The Swiss government has enacted a new law banning the practice of boiling lobsters alive. As of March 2018, any lobsters (or other crustaceans) prepared for a meal in Switzerland must be stunned or killed before they are boiled.
The basis of this law is Switzerland’s official recognition that lobsters are sentient beings with the ability to experience pain, and that recognition is also going to change the way they’re transported. From now on, Lobsters can no longer can be packed in ice for transit and storage. Instead, they’ll be kept in a natural environment of salty water.
Switzerland is not the first country to take these steps. Similar laws have been in place in New Zealand since 1999. Norway and the town of Reggio Emilia in Italy also include decapod (“ten-footed”) crustaceans in their animal welfare laws.
The debate over whether or not crustaceans feel pain has been going for decades. In recent years, however, several studies have indicated that crustaceans can and do feel pain. Robert Elwood, professor emeritus of animal behaviour at Queens University, Belfast, has spent over ten years researching this issue. “With the data,” Elwood says “we know it is highly likely that the animal will be in pain. We give protection to birds and mammals, [yet] currently we give very little protection to decapod crustaceans — lobsters and crabs — and the question comes, why is there this difference?”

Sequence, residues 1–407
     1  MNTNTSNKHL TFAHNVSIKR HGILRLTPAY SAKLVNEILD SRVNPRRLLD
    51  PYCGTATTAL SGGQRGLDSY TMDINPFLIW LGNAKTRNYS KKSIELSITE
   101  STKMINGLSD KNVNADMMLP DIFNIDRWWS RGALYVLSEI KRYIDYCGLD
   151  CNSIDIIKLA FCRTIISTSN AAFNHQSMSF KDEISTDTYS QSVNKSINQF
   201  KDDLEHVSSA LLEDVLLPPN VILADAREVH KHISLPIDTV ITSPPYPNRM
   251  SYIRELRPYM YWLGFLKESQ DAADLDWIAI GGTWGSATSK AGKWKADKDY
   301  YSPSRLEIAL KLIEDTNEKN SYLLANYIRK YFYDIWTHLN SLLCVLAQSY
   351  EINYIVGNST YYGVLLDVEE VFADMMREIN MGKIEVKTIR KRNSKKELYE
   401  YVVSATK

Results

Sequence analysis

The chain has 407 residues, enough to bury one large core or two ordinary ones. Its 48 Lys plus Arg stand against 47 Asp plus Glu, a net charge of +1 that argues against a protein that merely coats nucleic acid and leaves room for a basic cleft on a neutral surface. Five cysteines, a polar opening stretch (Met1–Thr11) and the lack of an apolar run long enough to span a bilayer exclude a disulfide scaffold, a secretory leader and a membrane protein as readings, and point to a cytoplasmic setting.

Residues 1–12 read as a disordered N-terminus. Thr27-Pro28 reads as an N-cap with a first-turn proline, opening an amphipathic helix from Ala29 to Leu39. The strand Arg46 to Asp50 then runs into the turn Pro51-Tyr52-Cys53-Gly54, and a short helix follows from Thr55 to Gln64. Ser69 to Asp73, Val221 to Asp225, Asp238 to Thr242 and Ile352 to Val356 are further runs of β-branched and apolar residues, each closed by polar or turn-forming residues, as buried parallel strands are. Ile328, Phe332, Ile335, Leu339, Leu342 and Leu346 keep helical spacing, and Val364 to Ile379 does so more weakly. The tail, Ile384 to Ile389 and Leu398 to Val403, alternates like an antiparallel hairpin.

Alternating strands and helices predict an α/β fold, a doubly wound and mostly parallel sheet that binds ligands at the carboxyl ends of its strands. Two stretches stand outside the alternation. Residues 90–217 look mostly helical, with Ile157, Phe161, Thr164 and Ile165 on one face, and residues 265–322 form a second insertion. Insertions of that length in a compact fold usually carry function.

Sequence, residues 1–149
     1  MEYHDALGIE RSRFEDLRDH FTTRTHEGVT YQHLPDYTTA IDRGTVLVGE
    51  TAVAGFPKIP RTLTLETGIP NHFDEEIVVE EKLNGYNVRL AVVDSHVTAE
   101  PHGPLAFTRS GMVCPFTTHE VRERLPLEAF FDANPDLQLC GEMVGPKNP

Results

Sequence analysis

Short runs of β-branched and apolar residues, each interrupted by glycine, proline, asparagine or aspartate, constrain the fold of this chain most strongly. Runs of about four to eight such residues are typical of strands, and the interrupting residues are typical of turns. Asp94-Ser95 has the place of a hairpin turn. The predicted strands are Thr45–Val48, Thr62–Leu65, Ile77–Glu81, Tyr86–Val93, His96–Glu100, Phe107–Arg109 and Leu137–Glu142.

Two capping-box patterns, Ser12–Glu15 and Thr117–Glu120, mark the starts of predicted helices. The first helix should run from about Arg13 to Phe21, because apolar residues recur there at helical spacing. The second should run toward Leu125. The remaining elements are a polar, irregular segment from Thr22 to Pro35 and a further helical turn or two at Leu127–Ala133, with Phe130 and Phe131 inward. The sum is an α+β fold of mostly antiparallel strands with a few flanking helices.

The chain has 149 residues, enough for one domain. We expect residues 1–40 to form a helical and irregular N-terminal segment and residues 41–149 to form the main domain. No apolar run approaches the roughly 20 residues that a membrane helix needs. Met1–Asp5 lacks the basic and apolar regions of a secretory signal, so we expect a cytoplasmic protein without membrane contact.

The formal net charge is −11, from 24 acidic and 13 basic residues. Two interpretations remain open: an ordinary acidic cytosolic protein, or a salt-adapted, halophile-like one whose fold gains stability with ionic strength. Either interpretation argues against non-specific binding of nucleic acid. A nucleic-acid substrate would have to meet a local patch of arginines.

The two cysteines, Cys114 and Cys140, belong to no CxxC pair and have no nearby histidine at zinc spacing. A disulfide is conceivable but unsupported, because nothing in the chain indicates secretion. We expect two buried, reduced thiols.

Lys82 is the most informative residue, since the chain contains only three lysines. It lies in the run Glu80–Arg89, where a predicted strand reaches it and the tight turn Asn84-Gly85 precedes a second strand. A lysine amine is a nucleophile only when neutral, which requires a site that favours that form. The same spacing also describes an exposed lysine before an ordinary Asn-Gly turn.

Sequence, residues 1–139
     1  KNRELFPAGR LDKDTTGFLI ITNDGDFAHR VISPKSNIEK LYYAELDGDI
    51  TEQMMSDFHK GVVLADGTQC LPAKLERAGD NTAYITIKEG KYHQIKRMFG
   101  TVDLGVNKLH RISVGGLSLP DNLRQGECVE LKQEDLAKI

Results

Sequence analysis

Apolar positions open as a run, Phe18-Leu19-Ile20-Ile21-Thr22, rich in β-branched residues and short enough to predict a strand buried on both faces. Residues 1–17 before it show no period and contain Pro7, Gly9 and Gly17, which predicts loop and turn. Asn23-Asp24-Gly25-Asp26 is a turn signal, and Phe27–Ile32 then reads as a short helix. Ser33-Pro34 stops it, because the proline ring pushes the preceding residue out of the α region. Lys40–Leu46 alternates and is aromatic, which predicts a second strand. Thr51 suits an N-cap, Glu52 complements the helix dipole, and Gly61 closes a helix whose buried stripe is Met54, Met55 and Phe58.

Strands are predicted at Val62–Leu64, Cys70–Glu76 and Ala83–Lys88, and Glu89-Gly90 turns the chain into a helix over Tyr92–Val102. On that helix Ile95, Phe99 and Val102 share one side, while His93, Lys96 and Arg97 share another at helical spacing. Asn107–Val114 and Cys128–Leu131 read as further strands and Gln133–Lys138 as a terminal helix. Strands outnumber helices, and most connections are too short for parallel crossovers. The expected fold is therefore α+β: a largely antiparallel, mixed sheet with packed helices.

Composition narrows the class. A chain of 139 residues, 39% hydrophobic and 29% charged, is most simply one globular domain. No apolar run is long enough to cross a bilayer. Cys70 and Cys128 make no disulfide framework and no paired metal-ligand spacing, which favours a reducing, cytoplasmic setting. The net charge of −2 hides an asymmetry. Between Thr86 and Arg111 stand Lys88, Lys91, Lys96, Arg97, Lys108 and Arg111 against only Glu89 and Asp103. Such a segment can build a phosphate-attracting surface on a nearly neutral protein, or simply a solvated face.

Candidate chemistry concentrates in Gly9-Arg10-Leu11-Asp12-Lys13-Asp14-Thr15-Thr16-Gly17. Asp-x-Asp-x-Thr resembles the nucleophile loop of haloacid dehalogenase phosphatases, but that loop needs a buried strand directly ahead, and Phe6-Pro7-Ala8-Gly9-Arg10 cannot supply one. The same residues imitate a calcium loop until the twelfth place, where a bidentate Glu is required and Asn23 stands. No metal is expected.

Elwood’s often-referred-to 2013 experiment showed that crabs will abandon their shell when exposed to electric shocks. “I don’t know what goes on in a crab’s mind,” Elwood told the BBC. “But what I can say is the whole behaviour goes beyond a straightforward reflex response and it fits all the criteria of pain.”
The issue is summarised nicely by Barbara King, author of Personalities on the Plate: The Lives and Minds of Animals We Eat. King says, “Whether we know or don’t know, it’s our ethical responsibility to give them the benefit of the doubt and not put them into boiling water.”